Uluru is notable for appearing to change colour at different times of the day and year, most notably glowing red at dawn and sunset.
Kata Tjuta, also called Mount Olga or The Olgas, lies 25 km (16 mi) west of Uluru. Special viewing areas with road access and parking have been constructed to give tourists the best views of both sites at dawn and dusk.
The Sydney Opera House is a multi-venue performing arts centre in Sydney, New South Wales, Australia. It was conceived and largely built by Danish architect Jørn Utzon, opening in 1973 after a long gestation that had begun with his competition-winning design in 1957. Joseph Cahill’s New South Wales Government gave the go-ahead for work to begin in 1958. The government’s bold decision to select Utzon’s design is often overshadowed by the scandal that followed.The Sydney Opera House was made a UNESCO World Heritage Site on 28 June 2007.It is one of the 20th century’s most distinctive buildings and one of the most famous performing arts centres in the world.
The Sydney Opera House is on Bennelong Point in Sydney Harbour, close to the Sydney Harbour Bridge. It sits at the northeastern tip of the Sydney central business district (the CBD), surrounded on three sides by the harbour (Sydney Cove and Farm Cove) and inland by the Royal Botanic Gardens.
Contrary to its name, the building houses multiple performance venues. The Sydney Opera House is among the busiest performing arts centres in the world, hosting over 1,500 performances each year attended by some 1.2 million people. It provides a venue for many performing-arts companies, including the four key resident companies Opera Australia, The Australian Ballet, the Sydney Theatre Company and the Sydney Symphony Orchestra, and presents a wide range of productions on its own account. It is also one of the most popular visitor attractions in Australia, with more than seven million people visiting the site each year, 300,000 of whom take a guided tour.
William Ricketts (1898–1993) was an Australian potter and sculptor of the arts and crafts movement.Born in Richmond, Victoria, in 1898, William settled permanently in Mount Dandenong, Victoria, in 1934. Although not trained as a potter and never technically superior (his works, large and small, frequently exhibit cracking), the power of his vision of a modern Australia that embraces Aboriginal spirituality and respect for the natural world was his general message throughout his artworks. His major works include the “Dromana” in the Seawinds Garden, Arthurs Seat, Victoria, and “Gun Brute” at the William Ricketts Sanctuary, Mount Dandenong, Victoria.Situated in a ferny glade in the Dandenongs, William Ricketts Sanctuary is a place of beauty and tranquillity, due both to the natural setting and the mystical sculptures half hidden among ferns along the pathways. It is a place for quiet reflection and for contemplation of the essence of the vision of William Ricketts.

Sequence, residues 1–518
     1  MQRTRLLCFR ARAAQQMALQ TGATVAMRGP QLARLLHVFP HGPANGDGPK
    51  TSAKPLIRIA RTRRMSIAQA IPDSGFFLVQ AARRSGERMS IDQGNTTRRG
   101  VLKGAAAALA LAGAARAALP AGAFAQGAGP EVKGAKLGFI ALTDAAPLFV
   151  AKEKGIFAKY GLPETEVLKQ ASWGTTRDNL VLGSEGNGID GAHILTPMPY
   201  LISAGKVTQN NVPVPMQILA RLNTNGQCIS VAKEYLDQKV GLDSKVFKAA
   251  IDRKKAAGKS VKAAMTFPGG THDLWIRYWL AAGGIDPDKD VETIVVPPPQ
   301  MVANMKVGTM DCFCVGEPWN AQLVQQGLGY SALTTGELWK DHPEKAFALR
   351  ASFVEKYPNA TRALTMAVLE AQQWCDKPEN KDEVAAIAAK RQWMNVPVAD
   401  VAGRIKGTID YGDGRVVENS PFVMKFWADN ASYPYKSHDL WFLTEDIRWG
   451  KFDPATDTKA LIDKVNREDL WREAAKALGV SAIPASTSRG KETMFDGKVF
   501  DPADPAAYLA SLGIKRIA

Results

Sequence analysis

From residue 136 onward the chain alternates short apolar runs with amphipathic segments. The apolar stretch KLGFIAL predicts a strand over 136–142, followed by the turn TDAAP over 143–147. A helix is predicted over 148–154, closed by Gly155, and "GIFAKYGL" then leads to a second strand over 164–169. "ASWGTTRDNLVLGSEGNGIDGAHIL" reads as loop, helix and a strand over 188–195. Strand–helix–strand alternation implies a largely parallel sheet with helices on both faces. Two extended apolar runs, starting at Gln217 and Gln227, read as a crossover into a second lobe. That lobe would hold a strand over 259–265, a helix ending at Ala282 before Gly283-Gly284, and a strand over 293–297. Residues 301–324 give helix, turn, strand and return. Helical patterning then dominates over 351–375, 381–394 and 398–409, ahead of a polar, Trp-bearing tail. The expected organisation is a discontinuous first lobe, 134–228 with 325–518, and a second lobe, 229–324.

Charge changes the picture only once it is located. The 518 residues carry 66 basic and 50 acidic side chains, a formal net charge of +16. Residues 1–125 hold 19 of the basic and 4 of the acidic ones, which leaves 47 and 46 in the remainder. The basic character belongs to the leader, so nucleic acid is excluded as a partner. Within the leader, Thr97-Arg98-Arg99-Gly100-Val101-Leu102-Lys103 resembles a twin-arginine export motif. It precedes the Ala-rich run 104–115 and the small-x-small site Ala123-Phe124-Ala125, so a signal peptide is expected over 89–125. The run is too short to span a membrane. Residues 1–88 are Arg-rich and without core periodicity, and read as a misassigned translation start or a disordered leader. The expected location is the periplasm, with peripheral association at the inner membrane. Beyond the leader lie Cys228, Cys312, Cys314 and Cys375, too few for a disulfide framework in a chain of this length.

William Ricketts created the sanctuary as a place for quiet reflection and replenishing the spirit. He believed that all Australians should adopt Aboriginal philosophies, respecting the spirituality of the mother earth and all things in the natural world. Some of his works throughout the grounds also depict his feelings on the takeover and devastation of white man into the natural environment.
Within the sanctuary grounds, there are over 90 different sculptures depicting the aboriginal people engaging with the earth in a pure forest setting. Carved into rocks and tree trunks that dot the paths that flow throughout the property, the themes in his artwork reflect his philosophies of connections with human, nature and the earth.